Quite frankly, it's pathetic when you have to include a sentence like this:
First and foremost, this is not a charitable crusade on behalf of Southern Miss. Indeed, if the best interests of USM were our primary concern, then we would probably be lobbying for Southern Miss’ entry into the SEC, a move that would have far greater benefits for the Golden Eagles than simply playing two in-state SEC opponents.Southern Miss in the SEC? Now that's high comedy. Their stadium holds a little more than 1,000 more fans than Vanderbilt's does and they don't bring up the conference GPA like the Commodores do. There's absolutely no conceivable rationale to even suggesting that except to throw fuel on a fire that exactly ONE fanbase has any desire to stoke.
There is absolutely nothing to gain for Ole Miss and Mississippi State to subsidize USM's football program. The article says "...it has been 19 years since MSU played USM in football and 25 years since Ole Miss did. That is ridiculous." To which I say, "No, that's business." The Rebel and Bulldog fanbases are just not interested in seeing that game. That's who the respective administrations are interesting in pleasing... not a small but vocal group of USM fans convinced they're being wronged.
Then there's this:
Tens of thousands of fans — and their money — would flow across the state … and stay in the state. It would be to the economic advantage of stores and restaurants and hotels throughout Mississippi. And it would boost tax receipts in the cities and counties where those businesses are located.Where to even begin with this statement? First, how many hotel room reservations will be lost because people would make the road trip that morning and leave after the game? Not to mention the dinners people wouldn't be eating in the towns as people would hit McDonalds or Taco Bell on the way out of town. Then there's the lost alcohol sales as people would curtail their drinking so they could make the trip.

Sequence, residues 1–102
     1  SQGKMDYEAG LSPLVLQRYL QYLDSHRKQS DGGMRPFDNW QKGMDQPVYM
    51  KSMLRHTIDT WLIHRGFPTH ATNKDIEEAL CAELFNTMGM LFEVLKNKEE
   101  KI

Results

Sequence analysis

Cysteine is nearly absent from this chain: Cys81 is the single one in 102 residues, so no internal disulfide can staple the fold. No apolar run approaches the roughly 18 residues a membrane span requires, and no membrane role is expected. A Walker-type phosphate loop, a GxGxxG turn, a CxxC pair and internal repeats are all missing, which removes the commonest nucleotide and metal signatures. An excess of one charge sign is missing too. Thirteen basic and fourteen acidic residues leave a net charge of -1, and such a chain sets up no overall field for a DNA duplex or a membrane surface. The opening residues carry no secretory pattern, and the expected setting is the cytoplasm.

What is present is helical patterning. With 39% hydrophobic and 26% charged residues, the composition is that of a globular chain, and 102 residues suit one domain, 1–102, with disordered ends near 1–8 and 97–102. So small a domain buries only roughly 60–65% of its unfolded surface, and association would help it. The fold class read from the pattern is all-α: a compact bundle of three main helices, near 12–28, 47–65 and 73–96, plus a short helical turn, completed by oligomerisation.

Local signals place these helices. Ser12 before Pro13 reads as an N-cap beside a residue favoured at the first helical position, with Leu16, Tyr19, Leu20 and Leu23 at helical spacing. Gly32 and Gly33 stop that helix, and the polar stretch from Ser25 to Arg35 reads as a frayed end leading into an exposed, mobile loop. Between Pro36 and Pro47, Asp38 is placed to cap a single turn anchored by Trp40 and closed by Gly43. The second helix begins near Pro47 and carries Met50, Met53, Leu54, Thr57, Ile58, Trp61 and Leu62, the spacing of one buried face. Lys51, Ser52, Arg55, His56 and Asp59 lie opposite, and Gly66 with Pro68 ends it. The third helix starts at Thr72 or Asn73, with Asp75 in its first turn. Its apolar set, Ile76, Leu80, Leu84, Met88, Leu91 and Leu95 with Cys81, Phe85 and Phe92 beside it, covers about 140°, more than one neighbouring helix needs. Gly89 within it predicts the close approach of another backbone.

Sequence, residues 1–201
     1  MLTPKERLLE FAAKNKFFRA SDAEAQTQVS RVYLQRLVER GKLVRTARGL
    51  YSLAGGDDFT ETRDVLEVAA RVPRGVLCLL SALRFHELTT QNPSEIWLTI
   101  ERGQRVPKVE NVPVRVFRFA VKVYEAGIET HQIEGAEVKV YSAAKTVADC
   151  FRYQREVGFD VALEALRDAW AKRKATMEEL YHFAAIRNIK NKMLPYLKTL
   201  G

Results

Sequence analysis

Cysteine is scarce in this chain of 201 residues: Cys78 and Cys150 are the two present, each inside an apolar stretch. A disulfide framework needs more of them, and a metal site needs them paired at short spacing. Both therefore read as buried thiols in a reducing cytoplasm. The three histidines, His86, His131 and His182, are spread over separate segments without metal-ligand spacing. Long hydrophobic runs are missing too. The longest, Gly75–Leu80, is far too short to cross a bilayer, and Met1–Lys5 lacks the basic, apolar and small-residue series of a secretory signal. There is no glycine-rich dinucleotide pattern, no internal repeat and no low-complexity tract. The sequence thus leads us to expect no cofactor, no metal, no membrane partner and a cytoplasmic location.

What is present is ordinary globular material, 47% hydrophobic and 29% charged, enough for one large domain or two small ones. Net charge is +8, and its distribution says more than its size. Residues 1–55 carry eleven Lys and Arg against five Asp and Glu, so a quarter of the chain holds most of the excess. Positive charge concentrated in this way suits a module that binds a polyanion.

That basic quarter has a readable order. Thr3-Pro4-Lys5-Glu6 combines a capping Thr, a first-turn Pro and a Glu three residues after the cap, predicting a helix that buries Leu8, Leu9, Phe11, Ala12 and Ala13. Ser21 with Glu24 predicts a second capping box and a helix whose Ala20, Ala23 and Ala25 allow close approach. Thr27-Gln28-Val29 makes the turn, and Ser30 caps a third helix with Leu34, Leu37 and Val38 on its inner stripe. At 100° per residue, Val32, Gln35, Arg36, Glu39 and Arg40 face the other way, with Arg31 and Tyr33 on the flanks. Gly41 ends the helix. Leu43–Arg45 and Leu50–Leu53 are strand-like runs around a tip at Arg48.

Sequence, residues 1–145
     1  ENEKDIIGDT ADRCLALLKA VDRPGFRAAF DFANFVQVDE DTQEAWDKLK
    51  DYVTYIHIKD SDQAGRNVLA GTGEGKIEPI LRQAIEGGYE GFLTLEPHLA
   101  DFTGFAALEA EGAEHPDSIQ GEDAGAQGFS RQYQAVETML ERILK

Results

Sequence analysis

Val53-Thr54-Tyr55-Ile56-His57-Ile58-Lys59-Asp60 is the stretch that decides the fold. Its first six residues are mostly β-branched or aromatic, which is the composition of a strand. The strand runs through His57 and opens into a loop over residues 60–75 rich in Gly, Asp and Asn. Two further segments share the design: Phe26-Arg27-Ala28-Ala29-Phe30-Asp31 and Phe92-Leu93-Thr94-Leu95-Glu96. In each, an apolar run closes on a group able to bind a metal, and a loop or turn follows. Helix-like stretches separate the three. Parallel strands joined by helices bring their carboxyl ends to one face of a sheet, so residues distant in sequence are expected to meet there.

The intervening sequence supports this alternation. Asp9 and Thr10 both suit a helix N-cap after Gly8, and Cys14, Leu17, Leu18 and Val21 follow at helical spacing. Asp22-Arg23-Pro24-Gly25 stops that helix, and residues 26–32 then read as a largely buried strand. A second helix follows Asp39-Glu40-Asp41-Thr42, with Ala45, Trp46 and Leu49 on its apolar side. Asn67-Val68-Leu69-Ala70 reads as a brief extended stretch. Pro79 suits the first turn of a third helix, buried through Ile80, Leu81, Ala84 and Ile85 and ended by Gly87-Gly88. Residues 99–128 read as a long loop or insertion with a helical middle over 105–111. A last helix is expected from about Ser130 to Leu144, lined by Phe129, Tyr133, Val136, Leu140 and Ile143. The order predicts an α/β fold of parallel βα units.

That, sports fans, is clearly a legitimate concern for the governor and the Legislature, and that is why we encourage the Legislature to mandate that these games be scheduled as soon as possible.
And, like I said before, Mississippi has enough actual problems to deal with - teen pregnancy, childhood obesity, education - that the governor and the Legislature should not spend one nanosecond concerned with who plays who in football. To make the suggestion not once but twice is utterly ridiculous and shows a real lack of understanding of priorities. In fact, it's downright embarrassing.
Scheduling high profile out of state games like Texas Tech and Wake Forest and Texas is a much shrewder business decision than babysitting Southern Miss. College football is big business in Mississippi and if you can't run with the bigger dogs, than get out of the way and stop begging for a bone.